‘Facebook effect’ turns Swedish steel town into tech hot-spot

  • TECH
  • Tuesday, 08 May 2018

Joel Kjellgren, Data Center Manager walks in one of the server rooms at the new Facebook Data Center, its first outside the US on November 7, 2013 in Lulea, in Swedish Lapland. The company began construction on the facility in October 2011 and went live on June 12, 2013 and are 100% run on hydro power. AFP PHOTO/JONATHAN NACKSTRAND

OSLO: Facebook will double the size of its datacentre in Sweden's northern city of Lulea, raising its total investments in the region to about 8.7bil crowns (RM3.88bil), the company said on May 7.

The campus, opened in 2013, is the first Facebook data centre set up outside the United States.

The expansion will make it one of the largest data centres in the world, said Node Pole, an investment hub, partly owned by utility Vattenfall, which seeks to promote investments in power-hungry datacentres.

Sweden and its Nordic neighbours, with cheap electricity and low temperatures, are attractive for datacentres, with many Silicon valley giants and cryptocurrency miners rushing to move in.

Facebook will add a third building to the existing two at the Lulea datacentre, which Vattenfall supplies electricity to.

“This third building will measure nearly 50,000 square meters, and we anticipate will start serving traffic in early 2021,” Facebook said in a statement.

The expansion will increase the social media giant's total cumulative investment in the region to around 8.7bil crowns (RM3.88bil), it added, without disclosing the exact cost of the new project.

Lulea's mayor Niklas Nordstrom said the new building would double the size of the datacentre to more than 100,000 square metres (1.1 million square feet) and double its capacity of operations.

The current two-building campus consumes more than one percent of Sweden's total power production and that will also double, he told Reuters.

The expansion will create about 100 new Facebook jobs at the centre, which currently employs fewer than 200 people, while its construction will create about 1,000 temporary jobs, Nordstrom said.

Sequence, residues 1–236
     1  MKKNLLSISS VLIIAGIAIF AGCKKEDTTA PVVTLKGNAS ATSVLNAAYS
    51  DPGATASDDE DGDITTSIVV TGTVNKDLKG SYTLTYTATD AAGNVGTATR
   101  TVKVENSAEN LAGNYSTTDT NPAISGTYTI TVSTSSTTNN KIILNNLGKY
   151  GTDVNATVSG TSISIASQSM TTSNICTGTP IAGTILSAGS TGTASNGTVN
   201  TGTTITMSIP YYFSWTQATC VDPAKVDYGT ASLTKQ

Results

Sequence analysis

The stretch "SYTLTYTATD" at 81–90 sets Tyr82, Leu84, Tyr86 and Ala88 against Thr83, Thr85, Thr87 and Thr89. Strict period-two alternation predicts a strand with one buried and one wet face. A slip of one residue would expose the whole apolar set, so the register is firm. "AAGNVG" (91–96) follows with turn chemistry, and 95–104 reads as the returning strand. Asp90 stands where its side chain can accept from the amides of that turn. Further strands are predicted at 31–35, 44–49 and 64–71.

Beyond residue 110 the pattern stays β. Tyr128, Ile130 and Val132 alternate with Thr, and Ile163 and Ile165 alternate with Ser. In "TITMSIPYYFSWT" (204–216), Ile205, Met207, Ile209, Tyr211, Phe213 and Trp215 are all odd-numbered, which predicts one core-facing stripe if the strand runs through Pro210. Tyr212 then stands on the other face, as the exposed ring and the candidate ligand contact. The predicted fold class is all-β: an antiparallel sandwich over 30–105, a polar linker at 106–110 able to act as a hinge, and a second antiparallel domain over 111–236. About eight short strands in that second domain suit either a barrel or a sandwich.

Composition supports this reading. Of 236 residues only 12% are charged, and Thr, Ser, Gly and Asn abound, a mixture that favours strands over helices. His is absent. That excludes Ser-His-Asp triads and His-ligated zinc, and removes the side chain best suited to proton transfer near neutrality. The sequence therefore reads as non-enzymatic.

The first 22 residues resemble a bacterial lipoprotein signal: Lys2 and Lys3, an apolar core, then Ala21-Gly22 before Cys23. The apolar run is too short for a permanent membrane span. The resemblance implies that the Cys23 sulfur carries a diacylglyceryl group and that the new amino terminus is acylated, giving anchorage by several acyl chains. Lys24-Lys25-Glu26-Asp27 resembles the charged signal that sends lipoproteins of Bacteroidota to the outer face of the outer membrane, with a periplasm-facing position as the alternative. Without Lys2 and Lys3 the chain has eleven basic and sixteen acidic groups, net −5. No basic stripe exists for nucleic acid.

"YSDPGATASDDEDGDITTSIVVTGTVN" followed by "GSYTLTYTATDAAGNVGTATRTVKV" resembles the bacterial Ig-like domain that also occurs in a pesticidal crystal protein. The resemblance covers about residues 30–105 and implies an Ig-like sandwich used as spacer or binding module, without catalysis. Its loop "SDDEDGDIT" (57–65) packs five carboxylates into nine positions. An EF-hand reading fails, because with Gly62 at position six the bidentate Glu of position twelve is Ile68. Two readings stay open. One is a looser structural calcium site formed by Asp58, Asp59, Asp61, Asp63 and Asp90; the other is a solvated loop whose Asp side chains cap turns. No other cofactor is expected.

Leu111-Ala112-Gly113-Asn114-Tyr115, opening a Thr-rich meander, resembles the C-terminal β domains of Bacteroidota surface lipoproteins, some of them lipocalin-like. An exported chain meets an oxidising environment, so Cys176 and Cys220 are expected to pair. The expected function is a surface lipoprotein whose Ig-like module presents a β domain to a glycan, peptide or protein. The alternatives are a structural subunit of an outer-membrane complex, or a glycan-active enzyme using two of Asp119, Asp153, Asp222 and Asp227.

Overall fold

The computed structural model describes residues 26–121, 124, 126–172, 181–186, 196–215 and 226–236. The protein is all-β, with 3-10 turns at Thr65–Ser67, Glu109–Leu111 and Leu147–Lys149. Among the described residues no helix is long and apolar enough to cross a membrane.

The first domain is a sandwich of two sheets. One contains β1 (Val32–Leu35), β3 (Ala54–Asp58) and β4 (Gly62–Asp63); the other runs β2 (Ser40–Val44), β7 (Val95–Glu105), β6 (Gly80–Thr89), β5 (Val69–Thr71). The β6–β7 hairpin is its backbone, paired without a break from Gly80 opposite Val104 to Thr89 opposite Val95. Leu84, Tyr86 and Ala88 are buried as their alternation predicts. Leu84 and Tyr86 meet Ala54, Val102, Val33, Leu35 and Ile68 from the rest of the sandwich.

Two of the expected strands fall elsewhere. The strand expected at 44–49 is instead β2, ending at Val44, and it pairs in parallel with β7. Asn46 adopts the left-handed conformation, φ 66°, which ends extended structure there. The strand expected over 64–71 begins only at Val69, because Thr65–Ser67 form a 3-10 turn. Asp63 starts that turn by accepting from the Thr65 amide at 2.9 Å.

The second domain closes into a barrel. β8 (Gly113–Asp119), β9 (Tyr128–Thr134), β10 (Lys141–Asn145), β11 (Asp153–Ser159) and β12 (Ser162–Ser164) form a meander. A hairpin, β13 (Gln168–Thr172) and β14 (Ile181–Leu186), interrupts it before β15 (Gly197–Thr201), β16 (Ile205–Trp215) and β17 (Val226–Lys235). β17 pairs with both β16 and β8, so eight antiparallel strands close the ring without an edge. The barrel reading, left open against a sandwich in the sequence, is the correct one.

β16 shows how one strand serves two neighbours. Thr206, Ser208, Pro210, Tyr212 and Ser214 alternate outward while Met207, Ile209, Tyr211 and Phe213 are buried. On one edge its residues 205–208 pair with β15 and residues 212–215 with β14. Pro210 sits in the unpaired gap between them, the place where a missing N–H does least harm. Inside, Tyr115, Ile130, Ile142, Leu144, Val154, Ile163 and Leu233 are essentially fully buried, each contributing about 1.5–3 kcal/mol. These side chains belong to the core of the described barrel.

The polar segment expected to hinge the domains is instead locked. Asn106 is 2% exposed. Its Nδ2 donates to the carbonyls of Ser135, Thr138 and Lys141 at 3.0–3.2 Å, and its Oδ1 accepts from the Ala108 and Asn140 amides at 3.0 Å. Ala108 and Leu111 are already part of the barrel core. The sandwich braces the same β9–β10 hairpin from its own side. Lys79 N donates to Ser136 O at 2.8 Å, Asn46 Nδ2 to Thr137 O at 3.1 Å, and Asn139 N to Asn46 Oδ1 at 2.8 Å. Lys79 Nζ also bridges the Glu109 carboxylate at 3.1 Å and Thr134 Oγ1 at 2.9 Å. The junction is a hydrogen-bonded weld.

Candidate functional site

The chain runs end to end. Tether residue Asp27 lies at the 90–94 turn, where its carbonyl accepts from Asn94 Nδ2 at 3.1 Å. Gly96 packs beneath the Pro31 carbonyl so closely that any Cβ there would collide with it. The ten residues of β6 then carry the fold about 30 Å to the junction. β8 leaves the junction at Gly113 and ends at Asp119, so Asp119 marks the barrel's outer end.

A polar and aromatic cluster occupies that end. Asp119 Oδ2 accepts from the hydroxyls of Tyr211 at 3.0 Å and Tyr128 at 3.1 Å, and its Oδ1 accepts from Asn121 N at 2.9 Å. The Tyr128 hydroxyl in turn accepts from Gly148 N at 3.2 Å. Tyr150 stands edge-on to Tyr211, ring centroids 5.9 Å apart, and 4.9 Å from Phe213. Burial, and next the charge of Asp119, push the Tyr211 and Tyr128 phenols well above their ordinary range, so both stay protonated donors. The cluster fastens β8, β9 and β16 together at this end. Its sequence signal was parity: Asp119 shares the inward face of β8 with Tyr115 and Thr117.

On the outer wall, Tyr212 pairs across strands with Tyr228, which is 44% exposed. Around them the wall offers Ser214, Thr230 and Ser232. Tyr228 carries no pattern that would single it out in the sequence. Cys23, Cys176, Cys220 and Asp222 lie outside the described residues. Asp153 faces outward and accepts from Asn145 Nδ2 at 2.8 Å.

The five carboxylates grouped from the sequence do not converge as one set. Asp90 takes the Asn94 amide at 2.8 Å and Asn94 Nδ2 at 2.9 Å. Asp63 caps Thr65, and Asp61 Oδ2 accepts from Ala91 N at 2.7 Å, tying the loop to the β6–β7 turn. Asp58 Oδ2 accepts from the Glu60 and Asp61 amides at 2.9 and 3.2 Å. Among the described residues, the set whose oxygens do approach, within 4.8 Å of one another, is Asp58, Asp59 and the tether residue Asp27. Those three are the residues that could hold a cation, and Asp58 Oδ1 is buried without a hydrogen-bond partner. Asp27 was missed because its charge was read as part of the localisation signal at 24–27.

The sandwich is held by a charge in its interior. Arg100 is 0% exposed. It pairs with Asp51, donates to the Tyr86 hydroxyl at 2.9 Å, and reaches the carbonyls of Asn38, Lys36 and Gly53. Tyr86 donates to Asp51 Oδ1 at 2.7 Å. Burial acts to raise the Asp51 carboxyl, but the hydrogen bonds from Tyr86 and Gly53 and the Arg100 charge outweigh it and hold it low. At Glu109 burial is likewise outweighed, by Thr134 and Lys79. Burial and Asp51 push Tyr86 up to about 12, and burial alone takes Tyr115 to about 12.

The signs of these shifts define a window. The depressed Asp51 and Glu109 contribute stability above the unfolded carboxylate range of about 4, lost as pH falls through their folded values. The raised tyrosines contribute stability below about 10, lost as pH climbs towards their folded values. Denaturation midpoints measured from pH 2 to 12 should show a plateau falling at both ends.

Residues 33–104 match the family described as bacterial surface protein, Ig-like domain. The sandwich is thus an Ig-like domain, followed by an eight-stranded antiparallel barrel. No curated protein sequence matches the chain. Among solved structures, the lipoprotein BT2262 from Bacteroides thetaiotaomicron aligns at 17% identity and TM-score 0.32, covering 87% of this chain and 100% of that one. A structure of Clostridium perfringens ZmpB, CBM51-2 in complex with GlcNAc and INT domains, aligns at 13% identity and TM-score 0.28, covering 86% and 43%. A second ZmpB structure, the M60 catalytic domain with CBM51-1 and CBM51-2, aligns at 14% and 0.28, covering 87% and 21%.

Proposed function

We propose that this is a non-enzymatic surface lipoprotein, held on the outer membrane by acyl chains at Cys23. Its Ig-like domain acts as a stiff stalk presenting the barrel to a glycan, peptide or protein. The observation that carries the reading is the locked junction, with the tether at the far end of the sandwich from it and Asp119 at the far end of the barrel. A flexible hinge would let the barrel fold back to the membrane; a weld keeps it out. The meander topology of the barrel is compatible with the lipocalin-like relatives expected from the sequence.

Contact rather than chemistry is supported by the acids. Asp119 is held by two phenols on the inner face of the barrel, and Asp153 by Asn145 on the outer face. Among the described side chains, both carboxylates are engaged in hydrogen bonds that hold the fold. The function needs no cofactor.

In 2017, Sweden cut its tax rate on electricity for datacentres by 97%, to the same level as other heavy industries such as steelworks and car plants, making it attractive for new investments, said Node Pole.

“Sweden now has the lowest energy cost in the EU, with the lowest carbon footprint,” it said, explaining Facebook's move.

The city of Lulea in northern Sweden, on the same latitude as Alaska's Fairbanks, was built on the foundation of the steel industry. In the past decade, it has also developed into a hot-spot for datacentres and other energy-intensive industries.

More than 18 datacentres today operate in the area, with German car maker BMW one of the companies storing data in the region. Amazon also recently announced that three datacentres will be built in Sweden.

Boston Consulting Group estimated data centres could employ 30,000 people in Sweden by 2025 – twice as many as are employed in the country’s steel industry today, according to a press release by Lulea's mayor and Lulea Naringsliv, a local development company.

“We call it the 'Facebook effect'. The new business and new jobs generated by the initial investment makes this about much more than a data centre,” said Li Skarin, chief executive of Lulea Naringsliv. — Reuters

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